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Experiment 2 was made with the same object as Experiment 1. A gold-
leaf electrometer was charged so that the leaves stood open, and then a cloud
was made to pass by the insulated leaves. As the cloud passed they were
both attracted. This experiment was attended with considerable difficulty,
as the moisture from the steam seemed to get on to the glass shade over
the gold leaves, and so form a charged conductor between the leaves and
cloud. The cloud was first formed by a jet of steam from a pipe, then by
the vapour from a vessel of boiling water, and lastly by a smoke ring or
rather a steam ring. By this latter method an insulated cloud was formed,
which as it passed was attracted by the charged leaf.

Of the two latter propositions I have not been able to obtain any
experimental proof. I made an attempt, but failed, through the bursting
of the vessel in which the cloud was to be formed. I hope, however, shortly
to be able to renew the attempt, and in the meantime I will take it for
granted that these propositions are. true. Faraday maintained that evapo-
ration was not attended by electrical separation unless the vapour was
driven against some solid, when the friction of the particles of water gave
rise to electricity. So that unless there were some free electricity in the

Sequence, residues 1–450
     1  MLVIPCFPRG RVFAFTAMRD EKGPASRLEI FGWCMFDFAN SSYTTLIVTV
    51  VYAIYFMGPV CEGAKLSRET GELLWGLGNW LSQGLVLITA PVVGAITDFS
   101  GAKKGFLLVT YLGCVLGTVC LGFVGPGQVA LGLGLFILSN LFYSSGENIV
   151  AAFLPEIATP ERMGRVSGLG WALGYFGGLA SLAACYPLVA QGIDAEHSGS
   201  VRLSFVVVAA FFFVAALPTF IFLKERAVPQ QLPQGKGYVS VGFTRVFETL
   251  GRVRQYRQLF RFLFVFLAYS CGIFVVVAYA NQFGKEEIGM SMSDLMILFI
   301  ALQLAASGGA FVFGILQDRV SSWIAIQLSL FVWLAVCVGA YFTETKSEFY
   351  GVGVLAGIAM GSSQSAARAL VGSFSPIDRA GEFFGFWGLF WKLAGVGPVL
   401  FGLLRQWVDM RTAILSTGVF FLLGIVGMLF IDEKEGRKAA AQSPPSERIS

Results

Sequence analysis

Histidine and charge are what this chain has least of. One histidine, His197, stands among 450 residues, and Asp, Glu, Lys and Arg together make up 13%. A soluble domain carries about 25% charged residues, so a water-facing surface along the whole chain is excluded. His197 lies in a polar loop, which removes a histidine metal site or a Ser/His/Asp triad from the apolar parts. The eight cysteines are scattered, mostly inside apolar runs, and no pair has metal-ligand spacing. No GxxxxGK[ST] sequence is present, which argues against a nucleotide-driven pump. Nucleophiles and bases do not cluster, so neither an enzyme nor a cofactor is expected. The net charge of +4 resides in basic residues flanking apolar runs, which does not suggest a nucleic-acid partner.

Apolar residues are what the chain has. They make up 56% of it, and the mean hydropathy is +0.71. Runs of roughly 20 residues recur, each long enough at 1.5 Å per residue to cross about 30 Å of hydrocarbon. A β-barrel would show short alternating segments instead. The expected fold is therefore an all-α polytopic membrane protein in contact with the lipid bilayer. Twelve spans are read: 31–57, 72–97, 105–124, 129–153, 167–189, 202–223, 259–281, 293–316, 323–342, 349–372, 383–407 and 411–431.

steam or vapour before it was condensed, none could be produced by the
condensation, and hence the cloud when formed would be uncharged.

In the same way with regard to evaporation, unless, as is very improbable,
the steam, into which the water is turned, retains the electricity which was
previously in the condensed vapour, the electricity from that part of the
cloud which evaporates must be left to increase the tension of the remainder.
So that, as a charged cloud is diminished by evaporation, the tension of the
charge will increase, although the charge remains the same.

I will now point out what I think to be the bearing which these pro-
positions have on the explanation of thunder storms. In doing this, I am
met with a great difficulty, namely, ignorance of what actually goes on in
a thunder storm. We seem to have no knowledge of any laws relating to
these every-day phenomena; in fact we are where Franklin left us we
know that lightning is electricity, and that is all.

It is not, I think, decided whether the storm is incidental on the
electrical disturbance or vice versa, i.e., whether the electricity causes the
clouds and storm or is a mere attendant on them. Nor can I ascertain
that there is any certain information as to whether, when the discharge